When I left my husband, nothing could prepare me for what I faced next: nasty rumors, money issues, a vengeful ex, romantic feelings for someone I did not expect and an overwhelming sense of grief. Divorce was new and frightening, and something I didn't know how to deal with emotionally. I was off on an adventure, but one on tumultuous seas.
But as with any great adventure, I picked up a lot of funny stories, tender moments, and -- of course -- lessons to move forward with. They are things I will take to heart as I establish myself again and, hopefully, move on to a better love. I have learned...
1. Not to care what people think. People are going to talk, spread rumors and take sides. It's the nature of divorce. But if you're going to recover properly, you're going to have to tune it out. Do whatever is right for you, even if it's not the most popular thing.
2. To put myself first. I'm a self-admitted people pleaser, but you can't do that while trying to heal, otherwise you won't recover properly. Do what you need to do and focus on you. And for those with children, if you're happy, you'll have an easier time keeping your kids happy, too.
3. Mourning is key. We may not think of divorce as a death, but it is the death of a relationship. Even if it was dead for a long time, you should do a certain amount of mourning. Grief is natural, and you shouldn't pretend your marriage didn't mean anything. It did. Process accordingly.
4. To love myself. In marriage, I forgot about me; after divorce, I had to learn who I was all over again. We need to be okay with who we are on our own. After all, as RuPaul says, "If you can't love yourself, how in the hell are you going to love anyone else? Can I get an Amen?"
5. To have sex again. It's scary to move on in the bedroom, but divorced sex is too much fun to pass up. I have learned plenty of new tricks and preferences to bring to a new relationship; they're things I would have never known if I stayed celibate post-split. Don't be afraid -- let loose and have fun!
6. To take control of my finances. One of the most dangerous things I did in marriage was give financial control to my ex. The result was he hid money -- a lot of money -- and overpowered me. I'm still recovering financially. You should always know where your money is and how your finances are doing.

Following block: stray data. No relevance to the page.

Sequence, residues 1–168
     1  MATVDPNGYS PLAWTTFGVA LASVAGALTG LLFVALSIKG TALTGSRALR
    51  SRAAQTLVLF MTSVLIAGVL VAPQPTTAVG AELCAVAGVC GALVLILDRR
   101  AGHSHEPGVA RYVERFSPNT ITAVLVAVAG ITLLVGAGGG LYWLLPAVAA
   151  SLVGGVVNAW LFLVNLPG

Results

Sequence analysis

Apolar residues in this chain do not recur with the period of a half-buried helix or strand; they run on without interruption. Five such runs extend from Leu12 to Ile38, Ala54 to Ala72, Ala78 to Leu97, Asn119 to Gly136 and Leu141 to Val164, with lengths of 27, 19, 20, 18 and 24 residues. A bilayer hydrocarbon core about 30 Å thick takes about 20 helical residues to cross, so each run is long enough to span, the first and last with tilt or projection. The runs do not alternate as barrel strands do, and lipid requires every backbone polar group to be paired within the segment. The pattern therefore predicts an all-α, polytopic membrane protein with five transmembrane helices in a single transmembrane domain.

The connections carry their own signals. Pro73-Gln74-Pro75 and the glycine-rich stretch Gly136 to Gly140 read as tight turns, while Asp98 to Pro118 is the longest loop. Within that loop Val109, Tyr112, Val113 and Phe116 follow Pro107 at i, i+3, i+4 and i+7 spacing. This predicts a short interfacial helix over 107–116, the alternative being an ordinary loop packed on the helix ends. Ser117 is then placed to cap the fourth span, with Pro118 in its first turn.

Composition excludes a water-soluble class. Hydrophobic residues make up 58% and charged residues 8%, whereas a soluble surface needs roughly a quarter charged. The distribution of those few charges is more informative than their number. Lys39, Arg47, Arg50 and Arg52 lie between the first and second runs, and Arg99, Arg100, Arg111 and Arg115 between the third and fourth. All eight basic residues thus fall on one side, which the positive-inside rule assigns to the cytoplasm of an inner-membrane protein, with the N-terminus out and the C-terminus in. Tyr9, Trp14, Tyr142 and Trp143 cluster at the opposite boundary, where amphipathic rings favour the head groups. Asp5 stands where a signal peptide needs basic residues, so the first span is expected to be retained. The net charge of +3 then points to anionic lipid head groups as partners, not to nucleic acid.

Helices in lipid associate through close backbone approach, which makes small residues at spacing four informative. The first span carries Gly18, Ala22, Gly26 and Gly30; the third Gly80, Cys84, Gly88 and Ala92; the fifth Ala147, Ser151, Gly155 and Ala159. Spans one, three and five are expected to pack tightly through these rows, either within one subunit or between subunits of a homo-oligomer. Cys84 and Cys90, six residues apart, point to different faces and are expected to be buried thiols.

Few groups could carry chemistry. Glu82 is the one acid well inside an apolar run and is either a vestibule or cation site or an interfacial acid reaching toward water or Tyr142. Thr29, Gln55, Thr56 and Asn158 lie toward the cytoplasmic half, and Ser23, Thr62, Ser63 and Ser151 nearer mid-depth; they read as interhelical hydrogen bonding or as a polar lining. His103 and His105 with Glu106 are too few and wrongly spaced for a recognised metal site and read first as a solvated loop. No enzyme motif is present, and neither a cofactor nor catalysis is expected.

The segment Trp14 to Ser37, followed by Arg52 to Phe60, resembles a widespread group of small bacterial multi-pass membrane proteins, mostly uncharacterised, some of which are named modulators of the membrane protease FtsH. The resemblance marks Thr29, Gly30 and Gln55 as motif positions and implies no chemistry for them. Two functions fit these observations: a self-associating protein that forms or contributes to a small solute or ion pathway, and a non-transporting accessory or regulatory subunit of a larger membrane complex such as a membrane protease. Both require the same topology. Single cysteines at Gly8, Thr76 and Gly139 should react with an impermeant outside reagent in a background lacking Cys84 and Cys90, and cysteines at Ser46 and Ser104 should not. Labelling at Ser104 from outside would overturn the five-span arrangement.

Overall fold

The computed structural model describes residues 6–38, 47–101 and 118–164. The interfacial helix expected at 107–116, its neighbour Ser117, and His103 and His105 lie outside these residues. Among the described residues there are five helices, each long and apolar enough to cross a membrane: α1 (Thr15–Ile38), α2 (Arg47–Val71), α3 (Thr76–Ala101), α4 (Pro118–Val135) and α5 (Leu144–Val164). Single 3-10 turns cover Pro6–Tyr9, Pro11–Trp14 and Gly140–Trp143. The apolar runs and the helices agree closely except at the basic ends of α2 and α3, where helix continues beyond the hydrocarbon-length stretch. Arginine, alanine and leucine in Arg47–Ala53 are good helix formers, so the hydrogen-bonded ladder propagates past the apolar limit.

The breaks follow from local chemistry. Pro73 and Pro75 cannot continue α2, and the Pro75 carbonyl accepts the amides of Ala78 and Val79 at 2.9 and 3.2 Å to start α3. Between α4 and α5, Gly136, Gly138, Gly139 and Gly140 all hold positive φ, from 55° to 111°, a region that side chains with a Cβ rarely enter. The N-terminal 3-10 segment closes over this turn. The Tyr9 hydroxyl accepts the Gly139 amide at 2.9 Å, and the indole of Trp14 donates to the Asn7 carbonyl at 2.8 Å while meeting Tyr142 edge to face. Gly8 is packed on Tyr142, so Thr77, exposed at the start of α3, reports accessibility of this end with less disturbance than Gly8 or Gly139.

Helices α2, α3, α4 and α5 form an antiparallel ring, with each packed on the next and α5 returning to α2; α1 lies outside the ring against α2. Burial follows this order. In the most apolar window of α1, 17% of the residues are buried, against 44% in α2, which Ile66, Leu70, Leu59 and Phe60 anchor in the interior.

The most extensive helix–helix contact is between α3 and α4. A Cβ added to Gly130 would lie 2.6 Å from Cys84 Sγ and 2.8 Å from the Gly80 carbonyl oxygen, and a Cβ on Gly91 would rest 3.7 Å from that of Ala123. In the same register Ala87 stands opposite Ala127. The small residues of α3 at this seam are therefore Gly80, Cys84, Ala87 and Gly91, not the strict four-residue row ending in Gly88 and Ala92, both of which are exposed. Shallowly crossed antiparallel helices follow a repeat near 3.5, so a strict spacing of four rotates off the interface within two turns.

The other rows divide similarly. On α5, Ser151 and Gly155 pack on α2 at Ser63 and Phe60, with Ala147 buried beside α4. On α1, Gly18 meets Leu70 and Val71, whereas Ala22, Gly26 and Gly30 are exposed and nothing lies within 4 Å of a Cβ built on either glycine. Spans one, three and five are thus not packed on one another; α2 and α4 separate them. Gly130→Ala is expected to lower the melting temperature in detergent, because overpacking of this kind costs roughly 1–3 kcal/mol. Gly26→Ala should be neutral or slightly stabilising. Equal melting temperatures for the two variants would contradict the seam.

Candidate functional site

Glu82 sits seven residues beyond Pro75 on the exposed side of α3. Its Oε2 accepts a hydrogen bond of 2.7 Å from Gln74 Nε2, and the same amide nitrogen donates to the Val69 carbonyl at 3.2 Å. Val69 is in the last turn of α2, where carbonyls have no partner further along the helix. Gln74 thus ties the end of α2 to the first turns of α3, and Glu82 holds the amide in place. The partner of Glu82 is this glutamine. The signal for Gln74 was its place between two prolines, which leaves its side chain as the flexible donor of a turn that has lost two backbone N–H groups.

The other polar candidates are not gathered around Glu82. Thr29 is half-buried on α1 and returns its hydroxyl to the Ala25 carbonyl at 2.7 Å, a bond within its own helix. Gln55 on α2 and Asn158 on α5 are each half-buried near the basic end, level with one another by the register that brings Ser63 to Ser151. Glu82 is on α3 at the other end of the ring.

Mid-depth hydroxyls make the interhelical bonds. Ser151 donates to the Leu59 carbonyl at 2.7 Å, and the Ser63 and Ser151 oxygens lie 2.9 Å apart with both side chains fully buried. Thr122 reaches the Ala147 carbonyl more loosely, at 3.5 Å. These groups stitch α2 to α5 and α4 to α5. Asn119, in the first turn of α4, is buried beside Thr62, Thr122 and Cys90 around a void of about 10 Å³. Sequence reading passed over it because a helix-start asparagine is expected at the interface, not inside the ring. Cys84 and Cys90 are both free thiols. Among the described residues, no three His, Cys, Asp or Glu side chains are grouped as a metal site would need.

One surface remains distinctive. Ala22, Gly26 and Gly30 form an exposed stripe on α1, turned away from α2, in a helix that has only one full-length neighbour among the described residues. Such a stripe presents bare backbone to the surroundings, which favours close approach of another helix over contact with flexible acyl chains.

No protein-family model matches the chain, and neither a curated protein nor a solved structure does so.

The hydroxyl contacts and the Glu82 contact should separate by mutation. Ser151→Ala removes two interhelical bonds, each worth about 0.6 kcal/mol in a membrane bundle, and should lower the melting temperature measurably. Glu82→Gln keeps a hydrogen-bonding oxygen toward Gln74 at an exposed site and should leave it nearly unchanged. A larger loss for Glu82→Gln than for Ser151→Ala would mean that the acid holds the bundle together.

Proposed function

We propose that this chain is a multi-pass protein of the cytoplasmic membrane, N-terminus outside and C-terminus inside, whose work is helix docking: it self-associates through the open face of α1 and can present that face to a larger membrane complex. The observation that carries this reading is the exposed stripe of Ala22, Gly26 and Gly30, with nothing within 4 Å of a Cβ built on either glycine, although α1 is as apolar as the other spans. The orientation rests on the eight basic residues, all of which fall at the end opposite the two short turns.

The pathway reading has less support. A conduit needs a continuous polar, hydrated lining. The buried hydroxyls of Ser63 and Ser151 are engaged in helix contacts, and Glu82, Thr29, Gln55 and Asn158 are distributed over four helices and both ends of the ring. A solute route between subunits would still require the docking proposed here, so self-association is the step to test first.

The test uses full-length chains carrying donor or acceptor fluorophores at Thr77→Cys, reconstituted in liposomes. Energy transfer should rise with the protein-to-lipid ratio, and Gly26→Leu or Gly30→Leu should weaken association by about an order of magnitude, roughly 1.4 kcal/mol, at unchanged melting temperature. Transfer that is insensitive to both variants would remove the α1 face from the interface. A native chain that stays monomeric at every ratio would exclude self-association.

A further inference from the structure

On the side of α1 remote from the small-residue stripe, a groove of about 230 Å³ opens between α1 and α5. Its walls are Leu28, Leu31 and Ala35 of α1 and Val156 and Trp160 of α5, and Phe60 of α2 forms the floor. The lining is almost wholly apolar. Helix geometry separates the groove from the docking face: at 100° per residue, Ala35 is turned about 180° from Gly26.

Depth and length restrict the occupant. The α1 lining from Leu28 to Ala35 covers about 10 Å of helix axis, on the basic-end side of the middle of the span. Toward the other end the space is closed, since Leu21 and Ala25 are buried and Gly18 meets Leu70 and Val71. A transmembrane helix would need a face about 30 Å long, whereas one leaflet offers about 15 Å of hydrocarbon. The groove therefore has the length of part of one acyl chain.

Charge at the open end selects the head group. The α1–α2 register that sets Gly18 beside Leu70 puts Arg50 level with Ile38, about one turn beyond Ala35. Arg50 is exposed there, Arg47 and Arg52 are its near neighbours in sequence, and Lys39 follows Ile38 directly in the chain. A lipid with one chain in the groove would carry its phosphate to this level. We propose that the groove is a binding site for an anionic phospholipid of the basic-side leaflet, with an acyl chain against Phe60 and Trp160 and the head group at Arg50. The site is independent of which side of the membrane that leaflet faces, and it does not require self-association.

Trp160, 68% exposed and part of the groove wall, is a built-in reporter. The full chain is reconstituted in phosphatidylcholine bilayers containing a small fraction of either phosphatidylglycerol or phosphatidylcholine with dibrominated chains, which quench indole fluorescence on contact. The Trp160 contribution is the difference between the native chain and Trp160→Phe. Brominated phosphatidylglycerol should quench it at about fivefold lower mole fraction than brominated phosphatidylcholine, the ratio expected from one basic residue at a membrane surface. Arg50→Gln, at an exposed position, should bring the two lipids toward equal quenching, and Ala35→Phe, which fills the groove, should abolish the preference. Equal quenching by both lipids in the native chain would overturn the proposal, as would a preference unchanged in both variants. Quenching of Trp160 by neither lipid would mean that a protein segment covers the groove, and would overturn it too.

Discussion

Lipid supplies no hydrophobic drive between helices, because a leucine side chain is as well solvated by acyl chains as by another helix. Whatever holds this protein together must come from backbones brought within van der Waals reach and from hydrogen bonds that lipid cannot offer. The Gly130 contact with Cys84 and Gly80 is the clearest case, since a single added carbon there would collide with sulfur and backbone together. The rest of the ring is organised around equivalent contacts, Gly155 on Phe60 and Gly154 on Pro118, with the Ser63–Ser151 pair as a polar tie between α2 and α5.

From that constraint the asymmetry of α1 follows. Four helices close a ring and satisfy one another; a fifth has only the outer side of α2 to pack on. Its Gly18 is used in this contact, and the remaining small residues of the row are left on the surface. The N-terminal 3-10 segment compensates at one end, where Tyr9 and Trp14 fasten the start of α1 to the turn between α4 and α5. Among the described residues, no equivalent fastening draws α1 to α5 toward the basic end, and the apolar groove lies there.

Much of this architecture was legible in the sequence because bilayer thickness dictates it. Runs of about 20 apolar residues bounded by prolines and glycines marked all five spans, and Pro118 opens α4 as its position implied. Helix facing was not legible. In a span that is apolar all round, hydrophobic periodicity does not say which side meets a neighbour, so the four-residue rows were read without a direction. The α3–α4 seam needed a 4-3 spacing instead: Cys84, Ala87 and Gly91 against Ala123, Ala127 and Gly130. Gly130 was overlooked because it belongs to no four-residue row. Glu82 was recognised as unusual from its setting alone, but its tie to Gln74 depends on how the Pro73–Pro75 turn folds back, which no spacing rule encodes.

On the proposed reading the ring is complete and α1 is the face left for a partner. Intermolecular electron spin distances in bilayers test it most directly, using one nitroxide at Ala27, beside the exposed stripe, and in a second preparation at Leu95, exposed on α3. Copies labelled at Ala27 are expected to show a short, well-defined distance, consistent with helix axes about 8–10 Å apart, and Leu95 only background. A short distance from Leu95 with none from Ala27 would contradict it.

7. The best support after divorce comes from fellow divorcees. I am lucky to have several friends who are going through their divorces at the same time as me. We prove to each other that we're not crazy and keep each other in check. Sometimes it's the only thing that keeps us sane. If you don't have divorced friends, try to find a support group.
8. Those that judge your actions during crisis aren't worth your time. I did things over the course of my split that many of my friends didn't like. When thrown into an emotional crisis, we rebel and reshape ourselves in ways that may not always be positive. Good friends stand by you. They shouldn't cast judgment.
9. Not to let anger dominate. My ex's behavior towards me during our split, like making out with his new girlfriend very publicly six weeks after I left (also known as the way people found out about the divorce) and stealing money from me, was downright deplorable. I was so mad that I didn't realize he was reacting out of anger and weakness. Anger gets in the way of your heart and mind. Don't let it take over.
10. To figure out where the marriage went wrong. If you are not owning part of the blame, look harder - it takes two to tango. I certainly made mistakes, such as trying to please everyone else so much that I didn't think about myself, picking the wrong partner and not being as open emotionally as I should have been.
11. To laugh. Whenever we start to laugh again is when we truly begin the healing process. Once you find your humor, there is nothing stopping you down the path of recovery. Find joy in everything, and things will get better.
12. It's okay to cry. Healing is not a linear process. Sometimes you'll take five steps forward, and then need to take three steps back and possibly have a mini-meltdown. It's all right to feel what you're feeling. You aren't superman (or woman) and don't need to be perfect.
13. Know when you're ready for love again. Two months after I left my ex, I realized that I had feelings for a close male friend who I suspected felt the same way. He was someone I would have seriously considered marrying, but I was too emotionally unstable and not ready yet to get involved with him. Although our friendship suffered as a result, it was the right decision at the time for me. We are the only ones who can say whether we're ready or not, so listen to your gut.
14. Love is still the most powerful thing in the universe. My friends think I'm crazy to believe this after divorce, but love is a beautiful thing. I'm not talking real love, built on respect, communication and trust. The best part is that love takes many forms, like in friends and family. Cherish the love that's in your life.
As Shakespeare said (and my father, who quotes him regularly), "This, above all, to thine own self be true. And it must follow, as the night the day, thou canst not then be false to any man."